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## Main Question or Discussion Point

Theorem: In Minkowski space, let ##r(\tau)## define a timelike, ##C^2## world-line W parametrized by proper time for ##\tau## covering the whole real line. Here ##r## is the radius four-vector extending from the origin O to a given point. Then there exists a unique time ##\tau## such that ##r(\tau)## is orthogonal to W at the point defined by ##\tau##.

******* This version is false. See my attempt at revision below. ********

In other words, if you're an observer, every event is simultaneous with you at some uniquely defined time.

How would you go about proving this? I would prefer a proof that avoids invoking any coordinates.

At first I expected this to be trivial, but it seems a little tricky because it seems like you need a topological component to the argument. For example, I had been thinking to argue something like this. Let ##v(\tau)## be the unit tangent vector to W, and let ##f(\tau)=r(\tau)\cdot v(\tau)##. Then it seems obvious, in Minkowski space, that ##f## starts out negative and ends up positive, and since it's continuous it must be zero somewhere. But the fact that ##f## starts negative and ends positive is something that can be false if, for example, you cut out all of Minkowski space for ##t\ge 0##.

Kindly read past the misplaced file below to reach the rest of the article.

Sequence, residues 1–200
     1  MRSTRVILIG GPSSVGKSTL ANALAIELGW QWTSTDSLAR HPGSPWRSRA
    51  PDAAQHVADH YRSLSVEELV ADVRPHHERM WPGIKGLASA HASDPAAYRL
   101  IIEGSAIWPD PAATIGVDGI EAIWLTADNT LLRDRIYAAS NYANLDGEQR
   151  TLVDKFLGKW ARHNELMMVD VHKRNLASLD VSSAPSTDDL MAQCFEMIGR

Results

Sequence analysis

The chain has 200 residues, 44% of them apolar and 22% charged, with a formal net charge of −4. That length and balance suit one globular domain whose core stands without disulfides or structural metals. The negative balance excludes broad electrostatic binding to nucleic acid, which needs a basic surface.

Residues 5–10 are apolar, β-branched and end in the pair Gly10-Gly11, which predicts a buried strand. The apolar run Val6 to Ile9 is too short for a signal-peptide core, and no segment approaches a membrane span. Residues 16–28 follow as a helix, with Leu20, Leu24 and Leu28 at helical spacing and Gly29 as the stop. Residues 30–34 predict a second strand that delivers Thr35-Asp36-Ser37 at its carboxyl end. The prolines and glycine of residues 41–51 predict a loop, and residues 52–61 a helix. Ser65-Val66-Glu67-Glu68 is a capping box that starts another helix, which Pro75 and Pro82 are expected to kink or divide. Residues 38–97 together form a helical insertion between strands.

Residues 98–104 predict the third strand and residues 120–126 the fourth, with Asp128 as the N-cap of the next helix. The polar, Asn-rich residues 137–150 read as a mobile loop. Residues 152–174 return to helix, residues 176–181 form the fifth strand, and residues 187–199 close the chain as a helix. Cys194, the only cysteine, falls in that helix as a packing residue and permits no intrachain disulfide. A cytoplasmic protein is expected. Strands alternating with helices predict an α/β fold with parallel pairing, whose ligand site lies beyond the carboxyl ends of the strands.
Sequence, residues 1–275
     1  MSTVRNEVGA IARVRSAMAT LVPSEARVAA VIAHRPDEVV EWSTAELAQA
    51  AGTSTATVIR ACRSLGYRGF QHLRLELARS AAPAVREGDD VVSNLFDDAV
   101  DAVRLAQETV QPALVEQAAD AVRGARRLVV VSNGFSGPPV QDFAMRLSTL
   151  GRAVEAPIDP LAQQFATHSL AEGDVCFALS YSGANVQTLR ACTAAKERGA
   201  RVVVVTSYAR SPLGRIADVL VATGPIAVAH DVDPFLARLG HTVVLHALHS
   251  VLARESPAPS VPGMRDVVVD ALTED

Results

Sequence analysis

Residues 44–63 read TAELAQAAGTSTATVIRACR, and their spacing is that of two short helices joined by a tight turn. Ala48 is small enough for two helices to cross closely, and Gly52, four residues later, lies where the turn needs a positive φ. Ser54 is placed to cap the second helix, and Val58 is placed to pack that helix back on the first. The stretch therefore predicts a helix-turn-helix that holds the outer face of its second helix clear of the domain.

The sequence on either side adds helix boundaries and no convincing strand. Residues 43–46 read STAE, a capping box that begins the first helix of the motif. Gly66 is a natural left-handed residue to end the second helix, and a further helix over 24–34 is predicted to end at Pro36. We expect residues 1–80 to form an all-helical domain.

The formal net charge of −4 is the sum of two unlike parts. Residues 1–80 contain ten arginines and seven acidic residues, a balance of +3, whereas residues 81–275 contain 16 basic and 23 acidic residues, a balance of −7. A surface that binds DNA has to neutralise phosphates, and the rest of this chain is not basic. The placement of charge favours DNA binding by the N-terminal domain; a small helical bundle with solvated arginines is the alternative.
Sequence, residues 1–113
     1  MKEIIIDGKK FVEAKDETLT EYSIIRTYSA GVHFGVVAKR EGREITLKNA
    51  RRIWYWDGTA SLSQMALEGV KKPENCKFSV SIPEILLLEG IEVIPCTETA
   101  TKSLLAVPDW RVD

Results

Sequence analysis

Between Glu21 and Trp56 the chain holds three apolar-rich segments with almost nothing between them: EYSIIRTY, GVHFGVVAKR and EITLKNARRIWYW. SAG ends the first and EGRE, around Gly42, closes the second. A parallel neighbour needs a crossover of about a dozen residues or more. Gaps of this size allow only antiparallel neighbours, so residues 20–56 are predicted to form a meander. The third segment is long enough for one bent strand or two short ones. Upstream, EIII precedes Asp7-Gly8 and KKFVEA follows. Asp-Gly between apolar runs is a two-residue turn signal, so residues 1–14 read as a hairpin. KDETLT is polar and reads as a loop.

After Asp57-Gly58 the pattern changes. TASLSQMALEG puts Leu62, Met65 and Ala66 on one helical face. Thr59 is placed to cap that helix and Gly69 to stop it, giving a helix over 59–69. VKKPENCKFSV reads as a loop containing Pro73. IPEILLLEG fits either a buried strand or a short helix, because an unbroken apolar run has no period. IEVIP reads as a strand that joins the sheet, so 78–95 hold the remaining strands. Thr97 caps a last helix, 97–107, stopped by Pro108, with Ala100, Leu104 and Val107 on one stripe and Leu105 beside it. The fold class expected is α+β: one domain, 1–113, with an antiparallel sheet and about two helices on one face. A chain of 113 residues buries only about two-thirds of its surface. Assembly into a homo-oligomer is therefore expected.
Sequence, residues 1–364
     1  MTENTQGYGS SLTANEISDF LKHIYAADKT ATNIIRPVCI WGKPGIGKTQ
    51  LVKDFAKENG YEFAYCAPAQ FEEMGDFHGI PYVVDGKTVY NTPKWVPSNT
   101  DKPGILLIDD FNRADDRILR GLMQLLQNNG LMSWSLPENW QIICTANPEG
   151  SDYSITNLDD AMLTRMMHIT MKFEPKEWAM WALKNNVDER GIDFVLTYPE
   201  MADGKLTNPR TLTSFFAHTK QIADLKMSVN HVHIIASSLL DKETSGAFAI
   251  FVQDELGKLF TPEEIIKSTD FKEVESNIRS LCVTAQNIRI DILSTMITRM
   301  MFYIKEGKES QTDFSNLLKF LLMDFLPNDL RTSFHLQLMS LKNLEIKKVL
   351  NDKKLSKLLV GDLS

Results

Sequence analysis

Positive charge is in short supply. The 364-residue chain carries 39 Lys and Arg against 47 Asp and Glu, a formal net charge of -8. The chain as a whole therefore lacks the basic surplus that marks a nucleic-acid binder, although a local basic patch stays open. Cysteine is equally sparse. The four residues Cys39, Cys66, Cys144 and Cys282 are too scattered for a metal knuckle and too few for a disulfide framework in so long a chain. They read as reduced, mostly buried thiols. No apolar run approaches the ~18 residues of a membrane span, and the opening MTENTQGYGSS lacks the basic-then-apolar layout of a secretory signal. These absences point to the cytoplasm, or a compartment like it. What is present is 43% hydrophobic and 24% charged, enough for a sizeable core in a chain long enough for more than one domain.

I want to avoid making assumptions in the proof that seem reasonable but that require explicit justification to rule out counterexamples such as a flat spacetime with a nonstandard topology.

******* This version is false. See my attempt at revision below. ********

In other words, if you're an observer, every event is simultaneous with you at some uniquely defined time.

How would you go about proving this? I would prefer a proof that avoids invoking any coordinates.

At first I expected this to be trivial, but it seems a little tricky because it seems like you need a topological component to the argument. For example, I had been thinking to argue something like this. Let ##v(\tau)## be the unit tangent vector to W, and let ##f(\tau)=r(\tau)\cdot v(\tau)##. Then it seems obvious, in Minkowski space, that ##f## starts out negative and ends up positive, and since it's continuous it must be zero somewhere. But the fact that ##f## starts negative and ends positive is something that can be false if, for example, you cut out all of Minkowski space for ##t\ge 0##.

I want to avoid making assumptions in the proof that seem reasonable but that require explicit justification to rule out counterexamples such as a flat spacetime with a nonstandard topology.

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